29 May 2009
Why did they make the cut?
1. Creativity. We're willing to overlook some mechanics issues and fixable stuff in lieu of unadulterated creativity.
2. Touch. They spoke to us, touched something inside one of us, at least. That's a hit or miss thing, sorry.
3. Urban Fantasy. Lots and lots of urban fantasy. I don't know if you were that geek in HS who wished magic lurked around corners. I certainly was. UF sells for this reason: angels and demons, disappearing storefronts, a sort of deus ex machina why that answers scary questions, laughing at our own foibles and fantasies. All of it and more. The world is a big scary place. We like it scarier.
4. Writing. Just some brilliant, stimulating prose in there. A turn of phrase can't carry a bad story, but it sure can make an above-average one shine.
5. Darkness. This was a dark lot, not so much horror, but some bad stuff goes down. Watching how interesting characters deal with it intrigues us.
6. Details. They make us walk next to the protag in their world.
Our production meeting is on Sunday. It's one of my favorite parts of this job. Then the craziness starts as we contact authors, handle the necessary contractual obligations, polish those stories until you can see your reflection in them, and gather other odds and ends. I'll be interviewing Stuart Neville, who debuted in this magazine a couple of years ago and designed our website, about writing and his new novel THE TWELVE.
26 May 2009
25 May 2009
Lately, I've been on a quest for urban fantasy that does not involve vampires, werewolves, or zombies. One book that fit the bill is The Last Hot Time by John M. Ford. The novel has a lot going for it: an original world, tight writing, and good imagery. Like all fantasies, it forces the reader to walk the line between mysteries of the world that are never explained and those that are explained to the reader as the book goes on. The Last Hot Time has too much of the former and not nearly enough of the latter. The writing and the promise of some answers kept me reading until the end (it is a very short book), but the promise wasn't kept. I was left with a only a vague understanding of how the world was supposed to work and exactly what happened in the story. I was further frustrated with the protagonist's refusal to share his thoughts with the reader. For example, the protagonist fears something bad inside himself but consistently refuses to reveal what it is. The book is an interesting exercise, but ultimately not satisfying.
22 May 2009
Crap, time to get organized. Now you're in spreadsheet territory, folks, and nothing salves rejection like MS Excel.
What else does that spreadsheet mean? It means you've started to look at selling your writing as a business. When you're writing the story, it's your pweshus awt. When you try to sell the story, it becomes a commodity in a flooded market. You might as well get used to it, especially if you want to sell novels.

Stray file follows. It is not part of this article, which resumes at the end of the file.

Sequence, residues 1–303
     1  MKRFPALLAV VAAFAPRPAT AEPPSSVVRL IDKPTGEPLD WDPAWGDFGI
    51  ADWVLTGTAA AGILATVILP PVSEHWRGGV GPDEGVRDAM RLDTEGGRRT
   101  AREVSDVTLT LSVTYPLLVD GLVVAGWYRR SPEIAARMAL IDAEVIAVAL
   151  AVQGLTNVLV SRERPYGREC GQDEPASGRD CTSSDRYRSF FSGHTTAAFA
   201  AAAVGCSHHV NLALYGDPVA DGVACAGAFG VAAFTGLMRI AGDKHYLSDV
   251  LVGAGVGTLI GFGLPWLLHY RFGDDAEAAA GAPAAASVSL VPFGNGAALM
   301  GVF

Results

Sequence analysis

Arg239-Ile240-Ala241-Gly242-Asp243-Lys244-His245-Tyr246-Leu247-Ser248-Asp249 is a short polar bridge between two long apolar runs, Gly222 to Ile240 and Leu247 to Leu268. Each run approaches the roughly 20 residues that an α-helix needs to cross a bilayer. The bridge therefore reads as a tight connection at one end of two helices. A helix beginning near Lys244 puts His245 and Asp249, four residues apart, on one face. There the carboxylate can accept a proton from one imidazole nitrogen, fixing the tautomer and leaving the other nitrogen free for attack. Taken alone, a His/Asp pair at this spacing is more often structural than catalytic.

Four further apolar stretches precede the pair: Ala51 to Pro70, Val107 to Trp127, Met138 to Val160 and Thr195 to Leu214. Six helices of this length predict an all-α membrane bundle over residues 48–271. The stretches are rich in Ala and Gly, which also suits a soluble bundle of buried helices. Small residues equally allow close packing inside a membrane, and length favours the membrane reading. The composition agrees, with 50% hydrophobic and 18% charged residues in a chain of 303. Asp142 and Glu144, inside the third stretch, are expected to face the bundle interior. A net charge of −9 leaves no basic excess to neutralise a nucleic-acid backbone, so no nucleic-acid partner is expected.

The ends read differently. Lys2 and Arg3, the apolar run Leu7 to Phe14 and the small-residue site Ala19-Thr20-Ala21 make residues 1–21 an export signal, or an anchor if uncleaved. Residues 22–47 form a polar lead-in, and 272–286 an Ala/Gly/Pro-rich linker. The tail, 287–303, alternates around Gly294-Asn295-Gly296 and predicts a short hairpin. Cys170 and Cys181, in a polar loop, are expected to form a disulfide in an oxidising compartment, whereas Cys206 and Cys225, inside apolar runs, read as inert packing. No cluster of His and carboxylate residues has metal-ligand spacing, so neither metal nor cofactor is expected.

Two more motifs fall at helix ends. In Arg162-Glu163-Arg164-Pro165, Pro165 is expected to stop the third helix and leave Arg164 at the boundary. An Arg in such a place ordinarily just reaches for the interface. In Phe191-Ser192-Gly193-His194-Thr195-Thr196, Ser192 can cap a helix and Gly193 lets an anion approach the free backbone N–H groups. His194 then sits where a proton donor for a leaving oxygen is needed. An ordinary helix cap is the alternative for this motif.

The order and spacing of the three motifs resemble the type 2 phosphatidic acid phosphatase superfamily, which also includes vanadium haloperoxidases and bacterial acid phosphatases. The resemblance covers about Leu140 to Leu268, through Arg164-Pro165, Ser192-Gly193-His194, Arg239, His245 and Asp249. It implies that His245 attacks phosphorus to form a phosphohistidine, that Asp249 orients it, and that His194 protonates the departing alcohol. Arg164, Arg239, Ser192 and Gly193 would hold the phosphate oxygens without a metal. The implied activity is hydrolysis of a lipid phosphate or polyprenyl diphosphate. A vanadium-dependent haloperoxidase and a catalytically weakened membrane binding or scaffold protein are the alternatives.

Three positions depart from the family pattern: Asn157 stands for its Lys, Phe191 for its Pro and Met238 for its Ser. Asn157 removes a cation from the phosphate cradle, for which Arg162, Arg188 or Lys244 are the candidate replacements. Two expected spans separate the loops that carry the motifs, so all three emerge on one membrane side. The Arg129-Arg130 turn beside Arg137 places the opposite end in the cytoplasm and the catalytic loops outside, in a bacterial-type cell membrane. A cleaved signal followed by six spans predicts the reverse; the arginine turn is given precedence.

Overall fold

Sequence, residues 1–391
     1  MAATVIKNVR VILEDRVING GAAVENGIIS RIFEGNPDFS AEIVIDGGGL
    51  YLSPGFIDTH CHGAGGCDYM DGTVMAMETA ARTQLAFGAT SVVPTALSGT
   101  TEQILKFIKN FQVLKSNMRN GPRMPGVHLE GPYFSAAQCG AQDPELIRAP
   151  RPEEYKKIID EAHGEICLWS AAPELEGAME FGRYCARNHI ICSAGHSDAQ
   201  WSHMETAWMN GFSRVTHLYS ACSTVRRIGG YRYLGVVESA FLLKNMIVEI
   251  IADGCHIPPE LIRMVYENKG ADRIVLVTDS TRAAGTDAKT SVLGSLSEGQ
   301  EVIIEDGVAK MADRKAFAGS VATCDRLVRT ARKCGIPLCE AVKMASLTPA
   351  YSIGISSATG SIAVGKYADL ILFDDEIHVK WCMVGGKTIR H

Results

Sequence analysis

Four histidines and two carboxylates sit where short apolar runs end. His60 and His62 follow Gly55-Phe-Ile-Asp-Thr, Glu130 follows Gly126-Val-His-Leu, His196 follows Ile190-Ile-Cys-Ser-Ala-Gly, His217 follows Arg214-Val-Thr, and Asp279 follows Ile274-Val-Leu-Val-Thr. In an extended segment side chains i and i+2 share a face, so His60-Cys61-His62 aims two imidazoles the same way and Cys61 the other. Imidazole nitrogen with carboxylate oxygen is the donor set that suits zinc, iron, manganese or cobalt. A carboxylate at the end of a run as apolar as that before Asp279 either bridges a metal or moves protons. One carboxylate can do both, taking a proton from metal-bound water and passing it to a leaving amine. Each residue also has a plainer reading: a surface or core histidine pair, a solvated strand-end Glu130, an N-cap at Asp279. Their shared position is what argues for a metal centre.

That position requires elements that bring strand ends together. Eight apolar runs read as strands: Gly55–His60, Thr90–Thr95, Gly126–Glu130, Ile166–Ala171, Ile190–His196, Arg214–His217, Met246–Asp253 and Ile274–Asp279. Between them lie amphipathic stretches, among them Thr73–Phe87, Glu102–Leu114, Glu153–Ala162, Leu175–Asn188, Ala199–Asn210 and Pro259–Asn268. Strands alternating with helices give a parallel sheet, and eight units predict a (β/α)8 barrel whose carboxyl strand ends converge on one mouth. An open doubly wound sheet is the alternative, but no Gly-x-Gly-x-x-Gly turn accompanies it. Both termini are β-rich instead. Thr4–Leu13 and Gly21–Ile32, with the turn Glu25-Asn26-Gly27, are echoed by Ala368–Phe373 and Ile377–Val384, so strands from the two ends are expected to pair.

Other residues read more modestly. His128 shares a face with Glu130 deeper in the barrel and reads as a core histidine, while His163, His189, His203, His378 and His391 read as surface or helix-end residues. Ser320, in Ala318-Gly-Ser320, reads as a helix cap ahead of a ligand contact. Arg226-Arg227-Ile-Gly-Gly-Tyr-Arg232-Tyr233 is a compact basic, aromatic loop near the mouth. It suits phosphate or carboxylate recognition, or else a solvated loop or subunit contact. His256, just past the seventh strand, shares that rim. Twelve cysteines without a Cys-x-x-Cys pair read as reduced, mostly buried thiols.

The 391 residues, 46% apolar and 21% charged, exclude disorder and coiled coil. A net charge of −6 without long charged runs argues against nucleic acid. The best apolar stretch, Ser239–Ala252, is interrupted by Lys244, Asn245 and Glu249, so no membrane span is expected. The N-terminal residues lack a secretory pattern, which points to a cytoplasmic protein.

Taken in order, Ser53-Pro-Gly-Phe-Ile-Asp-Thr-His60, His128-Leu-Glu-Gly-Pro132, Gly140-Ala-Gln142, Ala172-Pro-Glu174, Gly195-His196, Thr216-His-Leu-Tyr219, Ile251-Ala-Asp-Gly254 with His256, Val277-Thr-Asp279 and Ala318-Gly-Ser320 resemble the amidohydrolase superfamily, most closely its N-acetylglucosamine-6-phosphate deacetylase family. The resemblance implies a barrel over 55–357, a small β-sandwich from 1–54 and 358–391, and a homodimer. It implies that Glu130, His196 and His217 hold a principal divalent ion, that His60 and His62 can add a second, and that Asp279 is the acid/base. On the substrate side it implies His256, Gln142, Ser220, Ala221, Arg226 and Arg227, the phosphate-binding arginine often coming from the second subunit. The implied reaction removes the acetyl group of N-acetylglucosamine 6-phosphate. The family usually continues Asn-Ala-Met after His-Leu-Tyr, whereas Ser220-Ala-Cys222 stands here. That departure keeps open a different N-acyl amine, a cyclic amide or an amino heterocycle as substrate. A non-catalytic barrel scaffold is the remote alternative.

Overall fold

Plus, if you're in the habit of marketing a lot of short stories, then what is it to add a novel or two into the mix? They become almost like any other story rejection. I say almost because novels are huge investments, obviously. But the more rejection you get, the easier it is to take. Log it and send it back out. It's easier to deal with your misses if you have hope the next one will be a hit.
But I wanna be a novelist. Okay. Let's say you've got some short story sales under your belt. Meanwhile, you've been polishing that novel, too. (Don't say can't. I know a ton of writers who write more with way less time than you or me.) You still have to write the pitch (a skill also honed through writing concise short stories.) But now at the end of your query letter, you don't go with the lam-o "um, this is my first novel." You say: My short fiction has appeared in print and online venues like Electric Spec, Thuglit, and Town Drunk. You don't even have to list all of them. And it doesn't really matter if they've heard of all of them or not. Chances are they've heard of one, at least. And you've just jumped ahead of the pack because you're no longer a "new writer". You're a writer with credits, a writer who goes the distance to market yourself and your work, one with a proven record of sales, one who's honed your craft into a marketable state, and one who can probably take editorial instruction.
These are the queries that get passed around agent offices and lunches. (Hey Jim, my list is full, but she looks like an emerging writer with some decent credits and her book sounds pretty cool.) These author names get dropped at conventions. I know--I've heard them dropped in the SFWA suite at last WorldCon. And, when you meet the big, bad agent at the conference bar, they might have even seen your work, or at least know the place you published it.
Look. You won't be somebody overnight. But you'll be more of a somebody quicker if you write short stories.
21 May 2009
Those rejections suck, don't they? They suck the wind out of your sails and the steam out of your engine. How many of you climbed right back on the horse the day after getting a rejection on a partial or full request? My money's on no one.
You'll spend, say, one-three weeks drafting a short story. Then roll it through your critique group, take another week to fix it up, and start submitting. (If in three weeks you can't come up with a climax and resolution, throw the damn thing out and start over.)
Got a rejection? Well, of course you did, it's friggin' Science Fiction and Fantasy, for crying in a bucket. They've got back-stock to last two years. (I'm kidding here. I know they keep stock on hand, but I don't know how much. Electric Spec has yet to keep back-stock--we tend to not operate that way.) And then, cuz you're not very good yet, you rack up ten more rejections on the piece. Maybe twenty. Maybe fifty. (BTW, fifty rejections on one story means you're going to SUCCEED as a writer and don't let anybody tell you different.)